> capability, or the device might not be able to provide more accurate results
> than if the flag wasn't specified”
>
>
>
> The definition of “high” accuracy is dependent on many things outside the
> control of the user and they have no way of understanding why they are or
> are not getting high accuracy.  99% clients will always want the best
> accuracy you can give. Suggest you remove this attribute as it is not useful
> and will cause many comments in the future on what is the definition of high
> accuracy. Another possible option is to define a polygon and error estimates
> on the location result so that you can represent accuracy more correctly. To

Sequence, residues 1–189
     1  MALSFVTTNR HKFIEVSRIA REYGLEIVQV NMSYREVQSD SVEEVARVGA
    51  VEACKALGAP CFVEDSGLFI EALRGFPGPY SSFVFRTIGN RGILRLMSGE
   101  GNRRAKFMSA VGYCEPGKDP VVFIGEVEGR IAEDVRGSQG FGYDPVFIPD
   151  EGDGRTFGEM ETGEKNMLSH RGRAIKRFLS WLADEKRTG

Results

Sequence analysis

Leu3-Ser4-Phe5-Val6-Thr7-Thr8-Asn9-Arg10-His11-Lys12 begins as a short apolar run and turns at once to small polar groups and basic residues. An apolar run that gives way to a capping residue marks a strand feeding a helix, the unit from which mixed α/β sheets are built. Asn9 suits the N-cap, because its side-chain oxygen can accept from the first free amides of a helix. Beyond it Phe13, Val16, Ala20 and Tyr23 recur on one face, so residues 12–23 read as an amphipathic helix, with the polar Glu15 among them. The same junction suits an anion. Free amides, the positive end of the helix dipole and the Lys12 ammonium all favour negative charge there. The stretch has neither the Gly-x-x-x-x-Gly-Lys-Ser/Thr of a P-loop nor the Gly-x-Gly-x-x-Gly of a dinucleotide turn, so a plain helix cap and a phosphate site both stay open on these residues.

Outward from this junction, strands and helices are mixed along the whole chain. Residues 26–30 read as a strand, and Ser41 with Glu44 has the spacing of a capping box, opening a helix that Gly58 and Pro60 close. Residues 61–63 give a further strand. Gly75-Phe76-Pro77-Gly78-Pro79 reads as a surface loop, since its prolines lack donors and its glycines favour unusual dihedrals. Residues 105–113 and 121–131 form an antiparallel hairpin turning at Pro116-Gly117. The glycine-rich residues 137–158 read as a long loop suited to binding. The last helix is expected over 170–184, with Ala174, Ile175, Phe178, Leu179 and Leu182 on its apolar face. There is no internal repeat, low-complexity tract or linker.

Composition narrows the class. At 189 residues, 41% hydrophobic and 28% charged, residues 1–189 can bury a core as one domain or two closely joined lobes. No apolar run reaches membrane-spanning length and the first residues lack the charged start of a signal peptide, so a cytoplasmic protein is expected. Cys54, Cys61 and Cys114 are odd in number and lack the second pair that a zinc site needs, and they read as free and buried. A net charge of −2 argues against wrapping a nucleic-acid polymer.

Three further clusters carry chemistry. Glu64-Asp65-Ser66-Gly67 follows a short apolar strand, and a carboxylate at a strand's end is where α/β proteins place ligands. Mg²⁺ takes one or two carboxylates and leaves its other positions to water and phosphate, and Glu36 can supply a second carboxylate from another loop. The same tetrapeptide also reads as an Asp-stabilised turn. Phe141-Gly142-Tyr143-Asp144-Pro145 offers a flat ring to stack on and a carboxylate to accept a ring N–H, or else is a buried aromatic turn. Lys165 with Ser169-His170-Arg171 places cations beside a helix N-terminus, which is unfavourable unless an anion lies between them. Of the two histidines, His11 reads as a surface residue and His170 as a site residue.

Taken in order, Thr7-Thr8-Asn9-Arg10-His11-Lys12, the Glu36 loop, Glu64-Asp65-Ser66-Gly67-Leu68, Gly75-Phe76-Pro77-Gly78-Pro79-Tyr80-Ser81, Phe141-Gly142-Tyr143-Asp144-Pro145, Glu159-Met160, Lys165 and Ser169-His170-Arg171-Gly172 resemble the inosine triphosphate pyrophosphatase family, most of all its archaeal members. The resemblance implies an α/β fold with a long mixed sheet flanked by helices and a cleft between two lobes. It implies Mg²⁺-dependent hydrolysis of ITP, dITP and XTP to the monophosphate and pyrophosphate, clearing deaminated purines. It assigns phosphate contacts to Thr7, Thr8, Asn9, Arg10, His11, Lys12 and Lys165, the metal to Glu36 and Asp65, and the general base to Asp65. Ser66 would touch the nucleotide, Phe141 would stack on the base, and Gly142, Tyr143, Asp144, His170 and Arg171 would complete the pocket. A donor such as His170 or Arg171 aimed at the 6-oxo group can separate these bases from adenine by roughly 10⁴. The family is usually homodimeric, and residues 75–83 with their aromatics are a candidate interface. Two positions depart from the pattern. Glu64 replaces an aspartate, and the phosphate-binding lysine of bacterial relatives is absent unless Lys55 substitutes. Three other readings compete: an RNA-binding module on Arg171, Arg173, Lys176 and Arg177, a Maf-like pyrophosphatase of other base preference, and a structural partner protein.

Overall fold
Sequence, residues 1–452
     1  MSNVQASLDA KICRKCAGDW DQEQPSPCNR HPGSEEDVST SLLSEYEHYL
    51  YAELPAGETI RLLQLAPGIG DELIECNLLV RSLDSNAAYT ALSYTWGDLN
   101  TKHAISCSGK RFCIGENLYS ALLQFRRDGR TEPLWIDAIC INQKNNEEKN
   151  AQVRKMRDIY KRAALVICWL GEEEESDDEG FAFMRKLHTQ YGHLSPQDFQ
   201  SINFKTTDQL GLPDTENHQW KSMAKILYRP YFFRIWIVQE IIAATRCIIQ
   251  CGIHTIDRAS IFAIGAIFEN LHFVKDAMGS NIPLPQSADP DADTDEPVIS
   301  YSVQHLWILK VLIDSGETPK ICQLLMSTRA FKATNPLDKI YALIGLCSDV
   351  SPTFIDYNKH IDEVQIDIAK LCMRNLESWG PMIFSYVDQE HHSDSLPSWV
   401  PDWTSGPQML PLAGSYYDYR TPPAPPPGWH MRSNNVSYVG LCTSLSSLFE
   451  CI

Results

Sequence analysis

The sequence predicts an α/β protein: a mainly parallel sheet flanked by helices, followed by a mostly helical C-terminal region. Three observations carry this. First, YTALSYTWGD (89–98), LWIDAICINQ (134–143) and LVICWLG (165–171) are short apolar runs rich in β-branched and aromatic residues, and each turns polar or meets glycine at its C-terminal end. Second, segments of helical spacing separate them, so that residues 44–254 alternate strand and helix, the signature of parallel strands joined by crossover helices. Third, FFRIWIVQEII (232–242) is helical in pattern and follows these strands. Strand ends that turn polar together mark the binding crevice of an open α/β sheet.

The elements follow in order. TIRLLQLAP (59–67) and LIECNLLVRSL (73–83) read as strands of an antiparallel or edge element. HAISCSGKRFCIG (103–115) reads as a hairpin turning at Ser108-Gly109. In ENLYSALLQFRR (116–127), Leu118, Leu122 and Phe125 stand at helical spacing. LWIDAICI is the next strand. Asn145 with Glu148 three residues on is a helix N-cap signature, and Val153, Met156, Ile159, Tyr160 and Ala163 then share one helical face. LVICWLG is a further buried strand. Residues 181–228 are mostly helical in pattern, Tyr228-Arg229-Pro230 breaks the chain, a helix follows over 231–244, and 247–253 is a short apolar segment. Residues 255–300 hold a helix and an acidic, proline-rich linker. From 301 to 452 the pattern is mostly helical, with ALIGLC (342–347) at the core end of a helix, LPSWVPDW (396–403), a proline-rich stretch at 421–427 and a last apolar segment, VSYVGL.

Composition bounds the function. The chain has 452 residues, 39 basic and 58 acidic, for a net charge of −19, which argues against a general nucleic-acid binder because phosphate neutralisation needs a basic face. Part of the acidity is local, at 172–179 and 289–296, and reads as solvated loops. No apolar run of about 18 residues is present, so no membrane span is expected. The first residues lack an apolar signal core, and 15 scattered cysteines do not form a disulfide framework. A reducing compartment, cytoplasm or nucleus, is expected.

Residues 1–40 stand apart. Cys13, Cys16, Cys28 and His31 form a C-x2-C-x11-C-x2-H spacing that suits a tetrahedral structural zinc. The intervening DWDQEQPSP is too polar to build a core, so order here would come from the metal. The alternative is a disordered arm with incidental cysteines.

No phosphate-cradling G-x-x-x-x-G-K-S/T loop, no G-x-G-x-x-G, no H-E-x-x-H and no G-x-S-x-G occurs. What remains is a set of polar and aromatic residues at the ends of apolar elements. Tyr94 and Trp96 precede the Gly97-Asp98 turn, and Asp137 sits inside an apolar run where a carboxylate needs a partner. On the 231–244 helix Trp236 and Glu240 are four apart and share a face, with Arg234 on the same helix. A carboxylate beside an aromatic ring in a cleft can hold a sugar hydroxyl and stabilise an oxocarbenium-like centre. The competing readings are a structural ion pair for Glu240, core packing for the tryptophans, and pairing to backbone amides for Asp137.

> do this see comment regarding X,Y positional information in civic
> attributes.
>
>

I know this is controversial as probably the name of the attribute is
wrong. In any case, it is certainly false that 99% of the clients will
always want the best accuracy. Indeed, many may live with a lower
accuracy at the benefit of increased batter life (e.g. on mobile
devices). Google has today such products (e.g. google.com on mobile).
Anyway, this has been discussed extensively in the two threads
mentioned in the spec. We are certainly open to better alternatives,
if anyone can provide any.

>
>
>
> API Description – Coordinates Interface
>
>
>
> Comment #11:
>
>
>
>   interface Coordinates {
>
>     readonly attribute double latitude;
>
>     readonly attribute double longitude;
>
>     readonly attribute double altitude;
>
>     readonly attribute double accuracy;
>